- The next step would be to apply the hip depth. Starting from A and B, apply the hip depth and mark points E and F. Connect them with a dotted line. Mark point 3 where the new line crosses the vertical line in the middle.
- Again, starting from A and B down, apply the rise and mark points G and H. Connect them with a dotted line. Mark point 4 where the new line crosses the vertical line in the middle.
- Start from the bottom line and apply the knee level, marking points I and J. Mark point 5 where the new line crosses the vertical line in the middle.
Now that we have the pattern outlined, let’s start
2.2. Drafting the front panel of the pants pattern.
- start with measuring 1 inch (2.5 cm) down from point A to point D and mark point K.
- From point K, measure an inch (2.5 cm) towards the middle and mark it as point L.
- From point L, apply 1/4 waist measurement and draw a line that connects with the horizontal line of the rectangle. Mark point M.
- Connect M with 3, and 3 with 4.
- From point G, extend the line as long as we calculated the front crotch (using the formula above) and mark as point N.
- from point G, draw a ⅗ inch (1.5 cm) long line at 45-degree angle and mark point O.
- connect points N and L, passing through the new point O and E to create the crotch curve.
- measure 1.2 inches (3 cm) from points 5 and 2 in (on both knee and hemline) and mark points P and Q.
- connect N–I–D and 4–P–Q to form the leg shape.
- connect D and Q to finish the front panel at the hemline.
The last thing we need to do here is to make the lines more natural and smooth as we are used to seeing them on patterns.
We are going to do this in the final step. For now, let’s begin
2.3. Drafting the back panel of the pants pattern
- Start by measuring 1 inch (2.5 cm) from B towards A and mark point R. From point R, measure another inch (2.5 cm) straight up and mark point S.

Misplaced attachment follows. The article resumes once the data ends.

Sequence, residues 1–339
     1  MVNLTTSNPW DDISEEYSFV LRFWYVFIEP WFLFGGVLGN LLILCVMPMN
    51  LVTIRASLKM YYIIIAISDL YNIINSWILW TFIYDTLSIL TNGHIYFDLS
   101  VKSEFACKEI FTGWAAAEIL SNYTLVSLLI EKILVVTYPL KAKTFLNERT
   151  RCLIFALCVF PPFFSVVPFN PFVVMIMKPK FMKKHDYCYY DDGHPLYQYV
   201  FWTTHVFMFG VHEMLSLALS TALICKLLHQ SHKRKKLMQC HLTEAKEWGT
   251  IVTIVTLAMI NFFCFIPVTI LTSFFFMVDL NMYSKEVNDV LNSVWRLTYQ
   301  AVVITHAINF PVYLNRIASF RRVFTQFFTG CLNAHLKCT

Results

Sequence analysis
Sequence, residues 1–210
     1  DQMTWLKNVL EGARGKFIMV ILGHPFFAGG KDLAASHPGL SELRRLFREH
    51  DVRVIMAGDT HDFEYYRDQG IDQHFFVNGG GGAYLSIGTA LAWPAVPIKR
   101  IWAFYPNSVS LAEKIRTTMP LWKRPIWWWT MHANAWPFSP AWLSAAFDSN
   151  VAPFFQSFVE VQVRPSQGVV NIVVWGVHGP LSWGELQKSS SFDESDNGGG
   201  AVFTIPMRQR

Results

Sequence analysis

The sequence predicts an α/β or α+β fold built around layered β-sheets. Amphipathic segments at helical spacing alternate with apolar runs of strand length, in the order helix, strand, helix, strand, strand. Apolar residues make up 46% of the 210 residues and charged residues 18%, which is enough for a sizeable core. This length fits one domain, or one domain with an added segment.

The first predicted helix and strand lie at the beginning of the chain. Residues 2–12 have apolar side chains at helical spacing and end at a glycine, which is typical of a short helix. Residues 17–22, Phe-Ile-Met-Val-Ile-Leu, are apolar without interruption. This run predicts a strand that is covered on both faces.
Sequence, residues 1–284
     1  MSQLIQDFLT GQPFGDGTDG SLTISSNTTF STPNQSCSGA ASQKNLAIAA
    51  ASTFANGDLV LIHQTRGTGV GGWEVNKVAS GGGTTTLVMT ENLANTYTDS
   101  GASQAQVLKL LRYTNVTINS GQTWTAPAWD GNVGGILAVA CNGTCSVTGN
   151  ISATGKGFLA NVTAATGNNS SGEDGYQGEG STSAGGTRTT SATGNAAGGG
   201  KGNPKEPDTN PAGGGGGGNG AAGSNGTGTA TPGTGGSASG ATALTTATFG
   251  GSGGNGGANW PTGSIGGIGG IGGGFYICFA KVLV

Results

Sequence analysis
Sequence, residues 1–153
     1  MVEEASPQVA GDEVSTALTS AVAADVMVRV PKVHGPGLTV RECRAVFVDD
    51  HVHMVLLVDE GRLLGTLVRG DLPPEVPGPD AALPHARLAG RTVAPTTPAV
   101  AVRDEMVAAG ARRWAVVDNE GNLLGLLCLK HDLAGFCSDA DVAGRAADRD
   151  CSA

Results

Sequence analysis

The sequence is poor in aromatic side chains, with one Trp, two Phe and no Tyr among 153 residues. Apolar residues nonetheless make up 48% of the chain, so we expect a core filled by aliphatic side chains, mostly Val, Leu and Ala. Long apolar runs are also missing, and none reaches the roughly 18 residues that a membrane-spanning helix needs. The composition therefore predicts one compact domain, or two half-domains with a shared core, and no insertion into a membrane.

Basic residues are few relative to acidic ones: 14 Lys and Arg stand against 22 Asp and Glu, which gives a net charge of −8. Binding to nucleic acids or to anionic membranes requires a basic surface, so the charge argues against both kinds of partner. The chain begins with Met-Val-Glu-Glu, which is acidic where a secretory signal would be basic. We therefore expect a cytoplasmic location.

- From point S, apply 1/4 waist measurement plus 1 inch (for the dart) and draw a line that connects with the horizontal line of the rectangle. Mark point T. We are going to draft the dart later. Connect T with 3, and 3 with 4.
- from point H, extend the line as long as we calculated the back crotch and mark as point V.
- starting at point H, draw a 1 ¾ inch long line (4.5 cm) at a 45-degree angle.
- from point F towards B, measure an inch (2.5 cm) and mark point U.
- connect points S and V, passing through the end of the 45-degree angle line and the new point U to create the back crotch curve.
- extend from point J out ¾ inches (2 cm) and mark point W.
- do the same from point C out and mark point X.
- starting at points 5 and 2, measure 1/2 inch (1 cm) in and mark points Y and Z.
- connect V–W–X and 4–Y–Z to form the leg.
- connect Z and X to finish the back panel at the hemline.
1.3. Final adjustments to the pants pattern
- when we drafted the back panel of the pants sloper, we left an inch (2.5 cm) for a dart. To make it, measure and mark the middle between points T and S. Apply half an inch in both directions. Draw a 2 inch (5 cm) long perpendicular line. Connect the end of that line with both sides of the dart. This will result in a dart that is 1-inch deep.
- now, let’s make the curves of the pattern a bit more natural. Draw a perpendicular line 1/5 inch (0.5 cm) right in the middle of lines M–3 and T–3. Redraw those lines, making a small curve that passes through the end of that 1/5 inch (0.5 cm)- long line.
- do the same with the inner leg lines N-I and V-W. Instead of drawing the curves out, draw them inwards to make the curves.
- make sure that the inner leg of the front pattern piece matches the back’s inner leg. If there is a slight difference, just move point V accordingly up or down a little and redraw the back crotch curve.
These were the final steps in drafting a pants/trouser pattern. Please, have in mind that this is the very basic sloper that can be modified in various ways.
To use it as a pattern, you also need to add seam and hem allowance. According to your fabric choice, you also need to add wearing ease to the sloper.
You can modify the length and width of the legs, add a zipper fly and pockets, change the depth of the darts, etc. Also, you can tailor it once you’ve drafted it.
For example, you can remove wrinkles on the crotch or bottom, lengthen or shorten it in the hips area, etc. Here is a good course on that: One Pattern Many Looks